News

ERH faces massive power hike

by
September 11, 2017

Echuca Regional Health chief executive Michael Delahunty said the hospital’s power costs would rise by $375,000 a year.

ECHUCA hospital is facing a 50 per cent jump in power costs.

Regional hospitals were recently advised by Health Purchasing Victoria, which purchases electricity contracts on their behalf, to expect a rise in costs in the near future.

Echuca Regional Health chief executive Michael Delahunty said the hospital’s power costs would rise by $375,000 a year.

‘‘It’s a shock. We knew costs were going to go up 10-15 per cent, so to get a 50 per cent increase was a shock to us,’’ he said.

‘‘When you think about $375,000, that’s about $1000 a day.

‘‘It’s significant and it’s a serious issue for the whole community, but in the context of public hospitals it has a material impact on our budget in this current financial year.’’

Mr Delahunty did not expect the sudden rise in costs to impact service delivery, but he said it would mean the hospital would have to find savings in other areas.

‘‘To break even, we’re going to have to reduce areas of equipment purchases and that sort of thing. We won’t reduce services, we won’t reduce staff, it just means cutting back on things that now are going to be needed but are going to be pushed back.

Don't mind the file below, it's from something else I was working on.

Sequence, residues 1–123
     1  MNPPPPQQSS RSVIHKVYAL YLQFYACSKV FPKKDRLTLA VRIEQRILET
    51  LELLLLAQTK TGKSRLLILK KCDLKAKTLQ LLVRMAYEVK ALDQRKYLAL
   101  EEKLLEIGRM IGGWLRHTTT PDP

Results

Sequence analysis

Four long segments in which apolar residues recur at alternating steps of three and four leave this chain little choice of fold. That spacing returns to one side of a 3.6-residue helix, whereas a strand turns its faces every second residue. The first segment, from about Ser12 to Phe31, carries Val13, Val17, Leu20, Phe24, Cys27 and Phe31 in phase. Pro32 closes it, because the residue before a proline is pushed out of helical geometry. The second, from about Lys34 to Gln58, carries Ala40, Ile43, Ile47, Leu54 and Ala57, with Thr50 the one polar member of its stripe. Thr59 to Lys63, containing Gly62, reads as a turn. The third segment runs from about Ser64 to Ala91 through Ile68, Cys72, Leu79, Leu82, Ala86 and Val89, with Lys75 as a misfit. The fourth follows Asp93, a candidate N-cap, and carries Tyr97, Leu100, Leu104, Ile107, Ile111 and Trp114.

‘‘Our budget this year is of the order of $70 million in total revenue. It is a large amount of money but at the end of the day it is an overhead and we don’t want to impact on direct services.’’

Mr Delahunty said ERH was continuing to negotiate with the department about the possibility of getting additional funding for the energy costs.

‘‘We’re hopeful there may be some additional assistance given,’’ he said.

However, in parliament on August 23, Energy Minister Lily D’Ambrosio would not guarantee additional energy costs at country hospitals – expected to be worth about $2 million in western Victoria alone – would be covered.

Member for Murray Plains Peter Walsh condemned the minister for abandoning country hospitals, just months after the government failed to stop the closure of Hazelwood Power Station and the loss of 22 per cent of the state’s baseload power.

‘‘Regional hospitals deliver a vital service to our country communities, but the Andrews Labor Government has turned its back on us,’’ Mr Walsh said.

‘‘Daniel Andrews was wrong when he said power bills would only go up about four per cent after he let Hazelwood close.

‘‘Rising energy bills add more strain to country hospital budgets that are already stretched thin and it is up to Daniel Andrews to increase funding and make sure regional health services aren’t cut as a result.’’

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